Object interning

A large program creates a lot of objects in the memory which may affect the program performance. To reduce the required size of memory, Java can store objects in special pools where the same object can be accessed by different references. This technique works only for several widely-used classes and is known as object interning. First, let’s try to comprehend this concept with the example…

Stack trace

In this topic, you will get acquainted with an important feature that will help you with debugging your applications. That feature is called Stack Trace. It shows the call stack in the application up to the point where the stack trace message was generated. It appears as a message in your IDE when the application throws an error. We will analyze an example of such…

Call stack

When you write a program, it probably contains several methods invoking each other, either programmer-defined or standard ones, and all of them need to be executed. How does the machine understand the order of the execution? How does it switch between different methods? How does it know when the program execution is over? To shed light on these questions we need to learn about a…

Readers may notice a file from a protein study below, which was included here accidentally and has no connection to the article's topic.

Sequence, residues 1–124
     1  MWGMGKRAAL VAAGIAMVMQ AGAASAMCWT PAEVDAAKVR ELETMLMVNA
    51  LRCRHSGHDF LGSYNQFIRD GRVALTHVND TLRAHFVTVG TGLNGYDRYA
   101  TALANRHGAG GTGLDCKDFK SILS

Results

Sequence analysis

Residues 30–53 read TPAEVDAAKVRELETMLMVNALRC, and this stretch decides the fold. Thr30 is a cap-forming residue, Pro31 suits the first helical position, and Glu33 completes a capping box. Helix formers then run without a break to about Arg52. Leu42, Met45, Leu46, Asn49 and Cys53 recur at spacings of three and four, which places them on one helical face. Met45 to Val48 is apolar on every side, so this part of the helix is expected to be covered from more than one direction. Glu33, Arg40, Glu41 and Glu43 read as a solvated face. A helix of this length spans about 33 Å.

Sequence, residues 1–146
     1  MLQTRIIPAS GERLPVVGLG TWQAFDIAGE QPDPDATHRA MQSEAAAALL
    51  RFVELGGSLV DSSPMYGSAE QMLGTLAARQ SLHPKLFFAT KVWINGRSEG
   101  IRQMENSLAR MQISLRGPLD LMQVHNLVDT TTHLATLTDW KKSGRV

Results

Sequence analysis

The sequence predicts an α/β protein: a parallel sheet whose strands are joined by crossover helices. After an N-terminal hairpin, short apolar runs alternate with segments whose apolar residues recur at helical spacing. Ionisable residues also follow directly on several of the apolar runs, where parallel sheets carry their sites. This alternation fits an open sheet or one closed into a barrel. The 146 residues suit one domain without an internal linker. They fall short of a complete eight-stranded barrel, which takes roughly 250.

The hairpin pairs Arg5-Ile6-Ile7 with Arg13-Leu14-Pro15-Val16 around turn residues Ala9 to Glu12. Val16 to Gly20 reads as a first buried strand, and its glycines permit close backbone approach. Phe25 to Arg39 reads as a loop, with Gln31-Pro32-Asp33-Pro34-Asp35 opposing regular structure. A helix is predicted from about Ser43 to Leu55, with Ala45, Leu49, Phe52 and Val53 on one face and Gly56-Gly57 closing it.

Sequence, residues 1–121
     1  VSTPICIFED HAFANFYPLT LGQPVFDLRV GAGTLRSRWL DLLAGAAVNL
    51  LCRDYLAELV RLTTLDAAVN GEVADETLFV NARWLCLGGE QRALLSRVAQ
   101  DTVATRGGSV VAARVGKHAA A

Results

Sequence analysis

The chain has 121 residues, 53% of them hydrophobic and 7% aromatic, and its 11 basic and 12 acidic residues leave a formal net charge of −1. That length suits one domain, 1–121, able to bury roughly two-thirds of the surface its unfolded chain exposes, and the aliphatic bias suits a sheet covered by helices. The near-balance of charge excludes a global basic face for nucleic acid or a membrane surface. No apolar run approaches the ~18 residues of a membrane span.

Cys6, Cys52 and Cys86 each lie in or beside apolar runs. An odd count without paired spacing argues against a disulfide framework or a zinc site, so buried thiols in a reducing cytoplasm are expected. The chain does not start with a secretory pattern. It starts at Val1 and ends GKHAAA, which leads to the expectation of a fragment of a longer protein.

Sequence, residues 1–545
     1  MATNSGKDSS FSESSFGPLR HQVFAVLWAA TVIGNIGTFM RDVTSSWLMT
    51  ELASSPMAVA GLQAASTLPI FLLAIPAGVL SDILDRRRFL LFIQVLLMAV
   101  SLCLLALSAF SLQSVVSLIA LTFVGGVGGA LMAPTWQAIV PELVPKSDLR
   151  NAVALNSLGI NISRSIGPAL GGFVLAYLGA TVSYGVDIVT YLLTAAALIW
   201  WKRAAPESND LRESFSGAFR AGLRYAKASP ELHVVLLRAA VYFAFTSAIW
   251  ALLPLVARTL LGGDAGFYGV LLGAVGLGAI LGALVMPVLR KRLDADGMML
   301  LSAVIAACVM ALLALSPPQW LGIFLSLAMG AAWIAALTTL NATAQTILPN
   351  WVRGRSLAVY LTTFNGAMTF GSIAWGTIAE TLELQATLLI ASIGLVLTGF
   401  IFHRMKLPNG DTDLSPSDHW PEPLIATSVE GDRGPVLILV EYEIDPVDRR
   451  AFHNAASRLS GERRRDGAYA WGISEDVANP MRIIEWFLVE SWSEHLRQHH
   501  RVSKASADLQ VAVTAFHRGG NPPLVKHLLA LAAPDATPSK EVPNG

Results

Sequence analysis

Class Loader

A typical enterprise Java application may comprise thousands of source and dependency classes. To handle all of them in a proper way JVM introduces a special mechanism called class loader. It is a part of JRE responsible for dynamic loading classes into memory. Understanding class loading allows to control this process and helps to avoid some types of exceptions.

Class files and Bytecode

Bytecode is an intermediate representation of a Java program after the source code compilation. It is stored in .class files. When someone runs a program, JVM executes bytecode, and the program works. Bytecode is also a kind of a language that programmers can directly read, understand, and even modify, but it is more complicated than using Java.